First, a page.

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Three Faiths Work Together as Innkeepers for Homeless

On Wednesday evenings in the Sport Science building, Belmont University students and Nashville area volunteers created a modern day story of the Good Samaritan. In the Biblical parable, a man was beaten and robbed and his needs overlooked until a Samaritan bandaged him and took him to an inn.

“In this case we put him in a Kia or a Chevy and took him to a gymnasium,” said Belmont Vice President of Spiritual Development Todd Lake. “We found people in other religious communities who were willing to set the alarm clock early or miss time with family and friends to be here and help people who needed help.”

Room in the Inn is an organization that coordinates shelters for homeless people and offers them emergency services, transitional programs and long-term solutions to help people rebuild their lives. Belmont began hosting guests with Room in the Inn in 2011, becoming one of the only universities in the country to shelter homeless guests in on-campus facilities.

Two nights a week–Wednesdays and Fridays–from November to March Belmont students cook dinner for the homeless and fellowship with them before they turn in for the night on cots. Although they had the eagerness and willingness to serve, students often did not have transportation to get the homeless to campus this year, so students turned to members of other faiths in Nashville for help.  The Islamic Center of Nashville and Congregation Sherith Israel sent volunteer drivers and chefs to work alongside students at a Christian university to aid the homeless.

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Belmont staff and students ate lunch with volunteers from the Islamic Center of Nashville and Congregation Sherith Israel on April 10 to celebrate their partnership to serve the homeless.

During a recent informal celebration of the partnership’s success, Belmont Director of Outreach Micah Weedman said, “One thing all of our religious traditions share is a common commitment to hospitality, particularly to those on the margins of our society and those considered outsiders. One of the fundamental elements of Christian life is to welcome strangers so that they might be our friends. At a University where we strive to address issues like global poverty and homelessness, it’s important that we learn also to become friends and share meals with those we wish to serve, and with those we’re learning to serve with.”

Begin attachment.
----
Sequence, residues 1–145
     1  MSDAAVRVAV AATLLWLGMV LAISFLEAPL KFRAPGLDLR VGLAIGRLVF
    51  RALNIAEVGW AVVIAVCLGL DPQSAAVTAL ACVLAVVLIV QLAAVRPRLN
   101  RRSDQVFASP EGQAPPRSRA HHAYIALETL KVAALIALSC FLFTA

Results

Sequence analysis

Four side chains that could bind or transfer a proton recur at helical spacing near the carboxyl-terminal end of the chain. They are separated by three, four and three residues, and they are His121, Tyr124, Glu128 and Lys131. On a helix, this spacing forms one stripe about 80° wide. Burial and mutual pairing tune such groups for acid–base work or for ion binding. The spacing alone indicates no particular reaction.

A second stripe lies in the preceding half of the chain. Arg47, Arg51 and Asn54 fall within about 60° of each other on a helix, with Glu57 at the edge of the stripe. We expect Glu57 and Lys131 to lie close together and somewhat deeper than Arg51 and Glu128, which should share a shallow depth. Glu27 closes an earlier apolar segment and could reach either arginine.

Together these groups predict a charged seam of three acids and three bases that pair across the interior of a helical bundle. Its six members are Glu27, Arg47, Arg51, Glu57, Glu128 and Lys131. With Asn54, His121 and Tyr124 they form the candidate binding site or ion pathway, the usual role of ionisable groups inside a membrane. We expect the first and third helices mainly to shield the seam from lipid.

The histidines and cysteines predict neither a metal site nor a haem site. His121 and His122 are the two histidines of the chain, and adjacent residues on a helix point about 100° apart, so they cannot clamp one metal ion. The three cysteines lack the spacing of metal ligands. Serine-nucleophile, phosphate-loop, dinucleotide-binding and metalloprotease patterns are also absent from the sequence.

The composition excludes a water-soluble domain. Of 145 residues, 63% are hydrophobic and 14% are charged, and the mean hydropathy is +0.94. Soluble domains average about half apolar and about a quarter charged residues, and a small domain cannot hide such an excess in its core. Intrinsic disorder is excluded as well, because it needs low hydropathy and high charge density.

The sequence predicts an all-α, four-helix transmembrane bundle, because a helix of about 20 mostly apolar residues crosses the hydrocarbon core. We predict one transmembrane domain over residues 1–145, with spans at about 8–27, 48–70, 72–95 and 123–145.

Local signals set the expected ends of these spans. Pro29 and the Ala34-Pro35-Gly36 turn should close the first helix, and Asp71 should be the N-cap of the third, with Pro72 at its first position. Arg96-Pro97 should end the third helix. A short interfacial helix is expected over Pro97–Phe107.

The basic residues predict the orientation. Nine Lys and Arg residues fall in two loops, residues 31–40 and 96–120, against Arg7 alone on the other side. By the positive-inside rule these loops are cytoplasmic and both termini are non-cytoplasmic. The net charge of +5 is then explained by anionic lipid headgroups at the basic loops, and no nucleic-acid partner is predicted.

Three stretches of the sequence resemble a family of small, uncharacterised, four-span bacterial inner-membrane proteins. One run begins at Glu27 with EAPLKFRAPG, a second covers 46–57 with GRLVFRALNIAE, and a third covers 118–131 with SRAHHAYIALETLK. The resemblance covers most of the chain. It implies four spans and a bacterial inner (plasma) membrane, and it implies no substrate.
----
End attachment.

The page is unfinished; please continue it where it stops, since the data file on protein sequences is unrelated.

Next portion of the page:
“Thank you on behalf of Belmont students. People are always telling me how much this experience changed them,” said sophomore Jeanette Morelan. “Through Room in the Inn, we came to learn someone else’s perspective through dialogue. It’s been incredible to see how much students from the Belmont community wanted to give, and it pouring back into our loves. Thank you for facilitating that experience.”

Drost Kokoye, who worships at the Islamic Center of Nashville and works at the American Civil Liberties Union, recalled how much fun she had using the last of what was in the kitchen cupboards, beans, spices and cheese, to make chili with Belmont students.

“It instilled that our values are very much in line with each other and helping people and getting to know each other better is what our faiths encourage,” Kokoye said.

“It’s a good opportunity to meet people in challenging situations, talk to them and understand how they face challenges. And it helps us to feel good about ourselves. It was a pleasure to meet the Belmont University students because they were real passionate about what they were doing and really involved,” said volunteer Abdelhamid Askarne.

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